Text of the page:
|Relics of St.Roch's|
|Relics of St.Roch's|
"To all whose desire is to be rich and to live a short life, but a merry one, I have no hesitation in recommending New Orleans."--Henry B. Fearson, Sketches of America, London, 1819
|Decorating the Graves All Saint's Day, New Orleans|
New Orleans likes to follow up her seasons of festivity (some might argue debauchery) with a day set apart for religious observance - a Catholic feast, or celebration.
Mardi Gras is followed by Ash Wednesday, and today, after Halloween's orange and black party, is
All Saint's Day.
Now, understanding New Orleans is impossible, but I'll give you a glimpse into the thinking of her inhabitants...
...when you live so long and so close to the edge of nothing-to-lose, when you know the levee's going to break eventually and you're prepared with a boat and an ice chest of beer, then
Laissez les bons temps roulez isn't just a tourism slogan.
Every day, every occasion, and every passage of life is celebrated.
Today, a "Second Line" will come over from St.Louis Cemetery No.1 on Basin Street, the city's oldest burial place (established 1789), to St.Louis No 2.
Second Line: n., those so moved by the mournful music of the jazz band walking to escort the body to its final resting place that they follow along, whether they know the deceased or not; v. to "second line," to show respect to the family of the deceased by following the mourners to the resting place, and then celebrate the deceased's life.
A beautiful example of a recent second line is the 2009 funeral of Juanita Brooks here:
According to the Times Picayune, there will be staffed tables for the preservation organization, Save Our Cemeteries, as well as the event
"Dearly Departed," an exploration of St.Louis no.1 featuring historical costumed characters buried there, such as voodoo queen Marie Laveau.
But along with those events, families will arrive to tend to the graves of their ancestors, doing what they can to repair, clean, and tend to the final resting places.
New Orleans' Cities of the Dead are full of above ground tombs and vaults, all standing shoulder to shoulder in varying styles of architecture. There are businesses specializing in restoring family vaults back to their original colors and condition, as you can see here on ChauxVive's site.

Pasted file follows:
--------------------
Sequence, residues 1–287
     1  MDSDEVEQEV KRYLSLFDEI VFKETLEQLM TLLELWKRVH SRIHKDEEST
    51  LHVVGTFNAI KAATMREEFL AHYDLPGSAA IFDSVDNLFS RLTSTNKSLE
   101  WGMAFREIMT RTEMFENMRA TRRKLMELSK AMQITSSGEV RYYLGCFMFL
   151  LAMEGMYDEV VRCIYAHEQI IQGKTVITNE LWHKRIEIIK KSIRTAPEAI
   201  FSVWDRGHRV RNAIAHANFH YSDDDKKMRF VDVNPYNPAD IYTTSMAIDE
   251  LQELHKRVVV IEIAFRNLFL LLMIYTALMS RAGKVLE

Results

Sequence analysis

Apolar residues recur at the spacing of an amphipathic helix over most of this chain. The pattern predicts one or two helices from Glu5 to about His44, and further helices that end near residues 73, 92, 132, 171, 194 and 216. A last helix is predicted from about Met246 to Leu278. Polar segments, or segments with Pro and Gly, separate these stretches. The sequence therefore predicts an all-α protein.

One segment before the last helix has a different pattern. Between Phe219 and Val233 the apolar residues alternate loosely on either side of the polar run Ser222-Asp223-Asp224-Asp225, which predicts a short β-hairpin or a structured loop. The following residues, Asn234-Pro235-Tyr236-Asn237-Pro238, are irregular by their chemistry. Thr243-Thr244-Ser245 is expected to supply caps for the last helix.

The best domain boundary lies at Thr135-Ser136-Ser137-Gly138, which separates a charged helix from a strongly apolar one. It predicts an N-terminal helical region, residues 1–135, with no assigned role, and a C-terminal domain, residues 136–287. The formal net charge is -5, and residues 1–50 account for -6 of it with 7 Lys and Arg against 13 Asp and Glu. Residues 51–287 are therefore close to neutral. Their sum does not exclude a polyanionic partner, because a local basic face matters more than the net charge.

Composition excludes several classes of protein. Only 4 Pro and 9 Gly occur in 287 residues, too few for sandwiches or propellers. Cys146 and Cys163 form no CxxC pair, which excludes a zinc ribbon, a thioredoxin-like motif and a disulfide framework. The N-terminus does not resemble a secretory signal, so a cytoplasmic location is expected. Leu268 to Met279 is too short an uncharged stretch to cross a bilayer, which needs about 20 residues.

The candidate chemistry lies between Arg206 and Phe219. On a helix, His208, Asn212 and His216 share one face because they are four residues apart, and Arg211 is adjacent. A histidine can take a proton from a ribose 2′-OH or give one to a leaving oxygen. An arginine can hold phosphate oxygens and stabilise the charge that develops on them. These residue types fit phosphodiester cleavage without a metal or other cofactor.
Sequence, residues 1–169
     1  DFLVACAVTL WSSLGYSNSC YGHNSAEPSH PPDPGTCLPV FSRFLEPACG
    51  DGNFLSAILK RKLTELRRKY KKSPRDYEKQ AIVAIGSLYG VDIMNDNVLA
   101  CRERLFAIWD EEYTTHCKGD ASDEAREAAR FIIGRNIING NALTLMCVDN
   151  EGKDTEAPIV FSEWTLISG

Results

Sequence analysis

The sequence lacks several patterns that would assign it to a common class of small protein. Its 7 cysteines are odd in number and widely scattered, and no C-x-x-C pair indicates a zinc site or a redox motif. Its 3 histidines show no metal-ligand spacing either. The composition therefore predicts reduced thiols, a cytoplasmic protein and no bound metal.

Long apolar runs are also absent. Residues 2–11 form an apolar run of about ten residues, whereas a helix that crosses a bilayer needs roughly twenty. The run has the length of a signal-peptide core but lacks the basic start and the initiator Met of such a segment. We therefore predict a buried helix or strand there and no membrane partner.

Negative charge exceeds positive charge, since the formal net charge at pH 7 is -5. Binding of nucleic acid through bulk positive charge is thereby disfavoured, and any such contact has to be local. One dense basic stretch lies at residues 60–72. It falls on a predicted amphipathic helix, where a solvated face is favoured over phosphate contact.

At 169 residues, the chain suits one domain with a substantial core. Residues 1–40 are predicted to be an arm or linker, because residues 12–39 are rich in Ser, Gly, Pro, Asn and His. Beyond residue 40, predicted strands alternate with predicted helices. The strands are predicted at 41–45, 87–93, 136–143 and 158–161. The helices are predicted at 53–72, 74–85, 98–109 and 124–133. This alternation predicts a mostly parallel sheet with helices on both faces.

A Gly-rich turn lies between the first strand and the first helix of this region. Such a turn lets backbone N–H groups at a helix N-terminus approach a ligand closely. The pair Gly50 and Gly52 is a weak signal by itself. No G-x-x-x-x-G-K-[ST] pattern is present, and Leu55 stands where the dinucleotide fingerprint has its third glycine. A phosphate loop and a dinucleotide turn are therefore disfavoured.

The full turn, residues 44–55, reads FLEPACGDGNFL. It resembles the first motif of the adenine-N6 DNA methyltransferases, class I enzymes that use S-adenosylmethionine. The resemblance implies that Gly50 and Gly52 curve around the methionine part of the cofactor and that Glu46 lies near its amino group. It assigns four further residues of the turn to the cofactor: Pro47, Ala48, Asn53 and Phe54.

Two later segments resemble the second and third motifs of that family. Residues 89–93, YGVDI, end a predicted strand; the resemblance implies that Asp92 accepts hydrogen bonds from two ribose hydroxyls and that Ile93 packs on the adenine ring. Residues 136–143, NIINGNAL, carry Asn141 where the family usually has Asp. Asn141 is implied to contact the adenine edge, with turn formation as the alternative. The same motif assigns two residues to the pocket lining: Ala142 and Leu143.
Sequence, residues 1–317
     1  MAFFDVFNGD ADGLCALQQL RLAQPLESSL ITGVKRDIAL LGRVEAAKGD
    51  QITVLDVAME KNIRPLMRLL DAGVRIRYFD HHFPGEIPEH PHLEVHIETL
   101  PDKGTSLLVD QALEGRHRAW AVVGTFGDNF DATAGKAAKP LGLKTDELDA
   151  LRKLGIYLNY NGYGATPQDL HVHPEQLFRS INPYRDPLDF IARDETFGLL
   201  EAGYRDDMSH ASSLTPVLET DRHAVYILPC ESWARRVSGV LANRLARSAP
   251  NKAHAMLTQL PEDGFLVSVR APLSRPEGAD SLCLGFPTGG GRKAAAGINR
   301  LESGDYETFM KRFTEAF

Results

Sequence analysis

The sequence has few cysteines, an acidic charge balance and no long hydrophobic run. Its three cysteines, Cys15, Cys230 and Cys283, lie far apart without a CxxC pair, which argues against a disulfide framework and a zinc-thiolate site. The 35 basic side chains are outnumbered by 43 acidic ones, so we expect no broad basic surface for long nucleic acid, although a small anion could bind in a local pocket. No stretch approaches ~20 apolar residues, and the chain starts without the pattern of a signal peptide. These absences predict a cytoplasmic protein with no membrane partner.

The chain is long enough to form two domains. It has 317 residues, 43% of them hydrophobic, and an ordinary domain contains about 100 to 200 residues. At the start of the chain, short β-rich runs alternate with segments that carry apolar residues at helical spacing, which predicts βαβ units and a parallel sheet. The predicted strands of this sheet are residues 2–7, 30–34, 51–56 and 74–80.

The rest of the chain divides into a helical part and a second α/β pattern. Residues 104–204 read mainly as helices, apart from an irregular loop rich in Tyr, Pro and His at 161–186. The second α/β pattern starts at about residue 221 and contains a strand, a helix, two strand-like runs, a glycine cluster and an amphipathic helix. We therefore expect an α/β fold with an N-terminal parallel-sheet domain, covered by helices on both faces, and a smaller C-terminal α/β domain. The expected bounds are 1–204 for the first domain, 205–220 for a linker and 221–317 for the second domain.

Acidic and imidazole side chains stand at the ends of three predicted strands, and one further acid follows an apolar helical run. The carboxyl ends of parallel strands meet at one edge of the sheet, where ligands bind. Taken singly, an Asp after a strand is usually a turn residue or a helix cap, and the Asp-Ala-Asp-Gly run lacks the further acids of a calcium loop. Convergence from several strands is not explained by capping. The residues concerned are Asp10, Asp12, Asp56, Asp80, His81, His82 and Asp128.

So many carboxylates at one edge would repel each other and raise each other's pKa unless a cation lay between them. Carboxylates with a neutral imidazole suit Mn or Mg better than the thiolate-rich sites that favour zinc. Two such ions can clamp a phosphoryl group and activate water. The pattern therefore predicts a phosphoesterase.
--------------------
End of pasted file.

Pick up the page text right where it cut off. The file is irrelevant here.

My father tended to the family vault and my grandmother's grave every other week. Grannie was buried in a fine marble mausoleum, high in the air. Daddy would have to use the pole to extract the copper vase, dump the old flowers and water in the tiny kitchenette by the stained glass window wall. After he replaced the flowers, he'd stand and say a decade of Hail Mary's on his ruby glass rosary beads.
Meanwhile, I would stoop and stare into the clear glass panel that offered a view of an eternal resting place available for sale and wonder why anyone would want to live here in a marble lockbox. Sorry, Grannie.
Two scenes at Lafayette Cemetery in the Garden District.
When the yellow fever epidemic raged therough New Orleans in the early 1800's, Father Thevus prayed to St.Roch for deliverance of his parishioners. When his parish was untouched, he built the tiny chapel in the cemetery you see here.
|St.Roch, patron saint of dogs|
|"Entering the Room of Cures" - Dawn Carl|
People prayed to St.Roch for cures of all kinds - ailments of hands, feet, teeth - everything! The relics seen here along the walls are representations of the body parts they prayed for, left as offerings of thanks. They also left offerings of their braces and crutches - testament to being cured ...
|"Room appears untouched since 1875."|
|"Notice the dentures?"|
... - and they offered bricks inscribed with 'Thanks' and left offerings of money. There really are rumors of voodoo rituals performed here, and given the close intertwining of some of the rituals of the two religions, I believe them.
-- With special thanks to Dawn Carl of All Things Genealogical for the use of her pictures.